Perimenopause: I felt like I was losing my mind until I discovered this.


For centuries, doctors readily diagnosed women with hysteria- a mental illness when they had behaviours or symptoms that made them uncomfortable or they didn't know much about. Read the first-hand account of Miriam who figured out what was going on with her mind and body- she was not losing her mind, she was going through symptoms of Perimenopause.


There are a lot of things in life we should keep secret but, for the life of me, I cannot figure out why perimenopause is one of them. It’s not like it is a taboo subject among women. I mean, if we can swap childbirth stories that graphically describe the demise of our vaginas, then why oh why are we so quiet about the bizarre things that begin to happen to us prior to menopause? It’s because of this:


WE THINK WE ARE LOSING OUR MINDS


This is my story, maybe you can relate?


I am an older mother; I welcomed my daughter at 36 and my son at 39. And while some of my high school friends are already grandmothers, I am still busy teaching my youngest how to wipe his own butt. Like many post-partum mothers, I began to experience a lot of new and very strange things. At first, I put it down to having just grown and evacuated a small human being from my body but when they persisted after my son celebrated his second birthday, I started my (confusing and frustrating and insane-making) journey to discovery.


What were these novel and unexplained things?


- Aching and throbbing in my forearms and lower legs

- Weakness in my wrists

- Rollercoaster emotions, moodiness, feeling “low”

- Serious daytime fatigue

- Inability to fall asleep and stay asleep

- Extreme fury that would come from nowhere about nothing

- Next-level anxiety

- Suicidal thoughts

- Facial muscle twitches

- Dizziness

- Inability to remember things (both short and long term)

- Very dry and thin skin and yet lots of facial acne

- Severe scalp psoriasis

- Thinning hair and hair loss at my hairline

- Heavier and longer and messier and more painful periods

- Shorter cycles

- Headaches

- Lower back pain to the point of disability

- Have I already said, “inability to remember things”?


I was terrified. When I added all these symptoms together, I truly believed there was a good possibility that I had Multiple Sclerosis (considered an Autoimmune Disorder). I vividly remember willing myself to tell my family GP; the words choking in my throat from fear and embarrassment. When this theory was put to rest, I scoured the (literal) planet for medical specialists to help me make sense of all these horrible things my body and mind were doing to me.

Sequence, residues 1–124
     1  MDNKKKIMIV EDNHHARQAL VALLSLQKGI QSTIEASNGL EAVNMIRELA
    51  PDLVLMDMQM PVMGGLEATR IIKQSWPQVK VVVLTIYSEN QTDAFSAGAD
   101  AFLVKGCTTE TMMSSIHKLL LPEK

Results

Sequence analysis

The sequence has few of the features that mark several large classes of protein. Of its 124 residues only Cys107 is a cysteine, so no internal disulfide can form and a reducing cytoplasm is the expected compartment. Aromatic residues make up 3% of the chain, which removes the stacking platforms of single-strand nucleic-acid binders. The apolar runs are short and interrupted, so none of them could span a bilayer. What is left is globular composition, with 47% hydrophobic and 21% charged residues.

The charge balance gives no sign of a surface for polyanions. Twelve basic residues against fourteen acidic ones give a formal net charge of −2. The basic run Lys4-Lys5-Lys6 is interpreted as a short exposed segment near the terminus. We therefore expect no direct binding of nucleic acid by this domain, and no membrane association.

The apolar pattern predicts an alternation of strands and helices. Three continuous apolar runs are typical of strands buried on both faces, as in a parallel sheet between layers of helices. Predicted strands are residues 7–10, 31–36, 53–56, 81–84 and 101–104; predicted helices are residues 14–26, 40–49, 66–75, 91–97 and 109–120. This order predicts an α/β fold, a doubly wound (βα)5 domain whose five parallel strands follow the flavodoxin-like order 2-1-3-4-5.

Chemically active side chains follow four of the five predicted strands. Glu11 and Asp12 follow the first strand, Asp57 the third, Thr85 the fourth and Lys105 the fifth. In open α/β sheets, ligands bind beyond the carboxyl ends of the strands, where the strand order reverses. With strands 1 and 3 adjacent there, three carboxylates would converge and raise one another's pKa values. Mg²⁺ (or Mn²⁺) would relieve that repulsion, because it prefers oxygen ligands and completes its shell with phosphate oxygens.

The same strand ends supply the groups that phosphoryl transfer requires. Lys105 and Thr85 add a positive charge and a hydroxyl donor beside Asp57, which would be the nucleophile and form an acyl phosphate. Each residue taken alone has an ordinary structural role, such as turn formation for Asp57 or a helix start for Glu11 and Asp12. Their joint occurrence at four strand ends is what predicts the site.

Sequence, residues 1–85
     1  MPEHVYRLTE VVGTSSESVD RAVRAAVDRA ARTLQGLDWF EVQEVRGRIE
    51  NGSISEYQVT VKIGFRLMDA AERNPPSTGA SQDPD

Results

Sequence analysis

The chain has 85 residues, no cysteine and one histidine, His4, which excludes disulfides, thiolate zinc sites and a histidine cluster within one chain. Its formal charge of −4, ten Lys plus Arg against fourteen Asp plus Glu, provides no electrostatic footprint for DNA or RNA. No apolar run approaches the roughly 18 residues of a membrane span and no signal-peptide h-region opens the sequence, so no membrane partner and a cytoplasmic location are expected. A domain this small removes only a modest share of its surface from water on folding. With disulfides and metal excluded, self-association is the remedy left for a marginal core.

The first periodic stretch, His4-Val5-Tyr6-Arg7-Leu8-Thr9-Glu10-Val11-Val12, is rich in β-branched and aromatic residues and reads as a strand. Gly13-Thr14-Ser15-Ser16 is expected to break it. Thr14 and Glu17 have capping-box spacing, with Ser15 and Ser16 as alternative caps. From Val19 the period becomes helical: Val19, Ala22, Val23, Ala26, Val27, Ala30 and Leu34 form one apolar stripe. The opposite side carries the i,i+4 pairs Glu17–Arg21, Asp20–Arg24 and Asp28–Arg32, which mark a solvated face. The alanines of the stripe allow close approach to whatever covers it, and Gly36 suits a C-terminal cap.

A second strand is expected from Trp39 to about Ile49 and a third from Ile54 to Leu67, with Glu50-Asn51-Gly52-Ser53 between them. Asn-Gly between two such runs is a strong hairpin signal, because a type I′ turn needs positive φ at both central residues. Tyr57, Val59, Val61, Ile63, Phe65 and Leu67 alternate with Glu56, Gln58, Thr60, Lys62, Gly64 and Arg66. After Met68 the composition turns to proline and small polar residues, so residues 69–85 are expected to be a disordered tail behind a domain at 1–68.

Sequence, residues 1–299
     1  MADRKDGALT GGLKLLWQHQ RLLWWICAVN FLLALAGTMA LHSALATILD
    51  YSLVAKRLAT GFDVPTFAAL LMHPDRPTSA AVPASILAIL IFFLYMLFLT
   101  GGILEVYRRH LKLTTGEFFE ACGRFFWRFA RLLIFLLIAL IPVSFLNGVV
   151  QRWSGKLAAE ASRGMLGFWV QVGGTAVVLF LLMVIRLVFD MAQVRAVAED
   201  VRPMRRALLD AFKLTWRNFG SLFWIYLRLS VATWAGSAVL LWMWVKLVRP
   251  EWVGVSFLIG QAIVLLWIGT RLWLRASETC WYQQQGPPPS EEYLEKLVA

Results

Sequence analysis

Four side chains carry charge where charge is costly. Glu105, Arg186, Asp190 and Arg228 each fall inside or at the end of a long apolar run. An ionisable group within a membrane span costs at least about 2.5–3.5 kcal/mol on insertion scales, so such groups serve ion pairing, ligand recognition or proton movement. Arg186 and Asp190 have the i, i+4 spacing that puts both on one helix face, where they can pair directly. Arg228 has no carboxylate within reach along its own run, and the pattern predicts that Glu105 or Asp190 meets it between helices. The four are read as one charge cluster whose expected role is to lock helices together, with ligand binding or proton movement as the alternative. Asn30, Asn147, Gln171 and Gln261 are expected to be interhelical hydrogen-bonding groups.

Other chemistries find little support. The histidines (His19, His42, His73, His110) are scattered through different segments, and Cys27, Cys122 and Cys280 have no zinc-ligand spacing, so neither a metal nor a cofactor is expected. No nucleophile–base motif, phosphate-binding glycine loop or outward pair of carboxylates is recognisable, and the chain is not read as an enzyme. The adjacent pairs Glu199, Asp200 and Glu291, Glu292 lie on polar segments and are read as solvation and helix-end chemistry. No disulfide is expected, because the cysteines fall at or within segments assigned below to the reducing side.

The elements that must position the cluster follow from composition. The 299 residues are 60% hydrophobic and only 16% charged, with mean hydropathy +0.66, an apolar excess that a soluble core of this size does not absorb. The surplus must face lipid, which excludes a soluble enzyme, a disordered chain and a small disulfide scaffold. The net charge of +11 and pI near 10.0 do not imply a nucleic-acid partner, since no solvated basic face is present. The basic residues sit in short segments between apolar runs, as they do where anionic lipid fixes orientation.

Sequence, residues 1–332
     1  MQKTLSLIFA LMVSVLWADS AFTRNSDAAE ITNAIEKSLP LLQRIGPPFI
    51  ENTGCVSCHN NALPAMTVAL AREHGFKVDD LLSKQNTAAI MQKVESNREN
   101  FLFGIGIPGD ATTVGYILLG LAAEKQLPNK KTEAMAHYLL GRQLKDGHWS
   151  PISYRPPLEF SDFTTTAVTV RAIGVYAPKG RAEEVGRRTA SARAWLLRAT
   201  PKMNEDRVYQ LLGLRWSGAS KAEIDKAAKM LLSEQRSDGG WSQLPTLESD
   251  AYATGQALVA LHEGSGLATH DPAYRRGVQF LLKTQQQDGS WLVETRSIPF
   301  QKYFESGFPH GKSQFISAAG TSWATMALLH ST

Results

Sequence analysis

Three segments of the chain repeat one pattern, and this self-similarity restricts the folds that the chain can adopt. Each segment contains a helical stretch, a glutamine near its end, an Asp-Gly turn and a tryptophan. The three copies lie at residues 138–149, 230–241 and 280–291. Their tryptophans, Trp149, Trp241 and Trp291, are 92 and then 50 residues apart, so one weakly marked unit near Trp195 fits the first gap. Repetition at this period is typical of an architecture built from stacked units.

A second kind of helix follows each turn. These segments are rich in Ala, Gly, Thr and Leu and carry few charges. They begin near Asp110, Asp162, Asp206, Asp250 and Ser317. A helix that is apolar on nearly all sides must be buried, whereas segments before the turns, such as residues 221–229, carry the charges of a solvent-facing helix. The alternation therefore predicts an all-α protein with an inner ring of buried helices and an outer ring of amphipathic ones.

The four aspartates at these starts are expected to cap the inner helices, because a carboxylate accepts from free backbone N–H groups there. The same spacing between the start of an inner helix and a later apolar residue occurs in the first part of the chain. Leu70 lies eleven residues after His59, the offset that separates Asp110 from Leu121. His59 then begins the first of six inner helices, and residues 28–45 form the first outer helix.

Was it carpal tunnel syndrome? No.

Was it arthritis? No.

Was I clinically depressed? No.

Did I have undiagnosed allergies? No.

Did I have celiac disease? No.

Was it my iron levels? No.

Was it my thyroid? No.

Was it PCOS? No.

Did I suffer from PMDD? No.


So what was it then?


My conclusion


I was slowly but surely losing my ability to cope with even the simplest things in life and the stress this caused me was making my body my enemy.


I was at one of the lowest points in my life. Gone was the competent, goal setting and achieving, obstacle-busting Miriam of the past (had she just been a fraud, anyway?). She had been possessed by a fragile and erratic neurotic who was victimised by her own brain and body. And who, in turn, was letting down her kids, her husband, and her future aspirations (because who is going to hire a basket case?).


Maybe by now, you’re thinking, “Okay, but just exactly HOW did you discover you were in perimenopause?”.


Let’s rewind a little.


I had fertility issues, and to overcome this I tracked my ovulation and periods religiously. Even after birthing my two sweethearts, the habit stuck. And somehow, I began to notice a link to some of my symptoms (particularly anxiety and fury-balls) and my cycle. Day 1, period begins, thick, heavy, messy. My period ends and I have around 5 days of feeling like my “old” self. Then ovulation and cue anxiety, fury, aches and pains, acne, fatigue, insomnia and so much more. These progressively worsen the closer I come to getting my period. And almost always completely disappear on Day 1.


Once I had realised this connection, a quick google search told me either a) I was on death’s door or b) I was in Perimenopause!


Perimenopause? What was that? More googling and – epiphany!


I was in Perimenopause!


I was not suffering from a mystery illness!

I was not losing my mind!

Maybe I still was the “real” Miriam!




Worth noting quickly. Here is the kicker - according to 5 qualified, very friendly OBGYNs – was I in Perimenopause? No. And why? Because I was “too young”.


At just 41 years of age, I was outside of the norm for the onset of Perimenopause so, obvs, couldn’t be that.


Lesson: don’t be surprised if you relate to many of the symptoms above but you are dismissed at the doctor’s office. Be prepared to advocate for yourself. What do I mean by prepare? I mean, track your cycles and your symptoms, research perimenopause, present undeniable proof that it is real and probable that you are, in fact, perimenopausal. And, if all else fails, do what I did. Walk into (the sixth) doctor’s office and tell them bluntly that you’re looking for someone to believe you.


So, did you relate to my story? If you did, please know that I no longer suffer so acutely from many of these issues. With a combination of nutrition, exercise, rest, and acceptance of the new things my body was doing hormonally, I have found relief.


And you can too.


P.S. I stumbled upon the Facebook group “Perimenopause – Thriving and Surviving!” during my research and it has been a wonderful source of support and information.

https://www.facebook.com/groups/429197863903603/


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